Loads-a-work, but if I don’t add at least a tiny drop of poetry to the world (I’m thinking of the title “Plus one word to the world“, a fine collection of poems by young Japanese author Hiroshi Taniuchi), the day will be lost, and the robot takes all. Nudged by the photograph below, captured this morning by my colleague Nicky Farrugia (grazzi ras!), a new office haiku.
For me, more important than the 5-7-5 rule (which I try to respect as far as possible, exploring its many possibilities of rhythm and internal structure), the defining feature and challenge of haiku is to depict what happens when two apparently disparate elements meet and interact. When sculpting that depiction into haiku form, it’s often difficult to strike the right balance between clarity and subtlety. With each new haiku, Bashō’s frog takes a new leap: we want the water-sound to be heard, but there’s no need to splash the water in the reader’s face. (Having said that, I do like poetry that is physically refreshing or ‘cleansing’ – more on the psychosomatic effects of poetry another day). Subtlety leaves room for interpretation, and thus engages the reader; better still, where that subtlety implies ambiguity – particularly between opposite positive/negative meanings –, in choosing their interpretation, the reader is engaged to the point of becoming part-author.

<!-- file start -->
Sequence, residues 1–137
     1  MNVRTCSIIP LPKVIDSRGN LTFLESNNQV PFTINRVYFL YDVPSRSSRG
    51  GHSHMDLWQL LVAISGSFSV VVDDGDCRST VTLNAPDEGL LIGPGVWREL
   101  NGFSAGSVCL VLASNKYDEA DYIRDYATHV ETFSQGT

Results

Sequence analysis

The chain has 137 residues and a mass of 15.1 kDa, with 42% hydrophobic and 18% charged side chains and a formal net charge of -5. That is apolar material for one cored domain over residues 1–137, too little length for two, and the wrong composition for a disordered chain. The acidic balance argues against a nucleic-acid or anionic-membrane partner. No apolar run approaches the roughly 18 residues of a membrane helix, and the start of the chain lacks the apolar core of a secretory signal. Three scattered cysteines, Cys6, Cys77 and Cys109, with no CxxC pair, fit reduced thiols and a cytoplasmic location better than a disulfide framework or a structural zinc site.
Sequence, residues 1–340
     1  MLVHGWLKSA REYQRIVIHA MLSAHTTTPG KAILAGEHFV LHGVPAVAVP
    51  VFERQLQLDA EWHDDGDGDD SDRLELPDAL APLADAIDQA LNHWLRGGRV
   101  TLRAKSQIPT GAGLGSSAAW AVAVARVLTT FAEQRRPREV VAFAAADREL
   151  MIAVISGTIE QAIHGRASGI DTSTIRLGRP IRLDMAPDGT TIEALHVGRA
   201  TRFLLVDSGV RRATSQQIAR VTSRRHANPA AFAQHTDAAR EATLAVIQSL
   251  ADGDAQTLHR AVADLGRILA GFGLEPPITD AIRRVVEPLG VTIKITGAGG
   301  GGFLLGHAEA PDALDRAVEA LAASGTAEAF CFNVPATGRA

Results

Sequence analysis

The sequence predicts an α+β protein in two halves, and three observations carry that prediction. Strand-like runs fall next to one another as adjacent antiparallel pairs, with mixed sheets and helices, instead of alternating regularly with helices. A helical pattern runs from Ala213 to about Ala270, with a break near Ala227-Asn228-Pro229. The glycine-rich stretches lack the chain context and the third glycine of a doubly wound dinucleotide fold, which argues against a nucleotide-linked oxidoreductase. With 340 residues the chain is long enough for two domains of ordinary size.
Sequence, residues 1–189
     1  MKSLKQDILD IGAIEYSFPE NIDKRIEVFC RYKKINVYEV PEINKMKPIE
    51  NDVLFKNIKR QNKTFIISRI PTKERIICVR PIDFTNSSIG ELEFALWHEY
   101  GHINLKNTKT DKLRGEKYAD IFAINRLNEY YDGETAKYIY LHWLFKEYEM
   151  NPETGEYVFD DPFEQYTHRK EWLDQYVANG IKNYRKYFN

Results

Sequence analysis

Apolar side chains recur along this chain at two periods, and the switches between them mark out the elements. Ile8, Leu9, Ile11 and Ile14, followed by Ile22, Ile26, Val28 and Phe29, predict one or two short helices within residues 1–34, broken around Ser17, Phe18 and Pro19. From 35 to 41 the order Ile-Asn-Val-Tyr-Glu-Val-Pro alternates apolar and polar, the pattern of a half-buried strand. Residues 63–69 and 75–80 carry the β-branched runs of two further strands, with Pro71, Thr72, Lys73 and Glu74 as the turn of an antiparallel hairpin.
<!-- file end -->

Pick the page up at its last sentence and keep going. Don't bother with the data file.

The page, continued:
Of course, such ambiguities can be extremely difficult to translate from one language into another, and not only where there is word play involved. Even English, with its long tradition of irony and understatement, can be slippery when it comes to haiku translation from other languages. But in any case, here’s a try.
Sema, sħab, siġar
Sky, clouds, trees
in the office windows…
hope in the cage.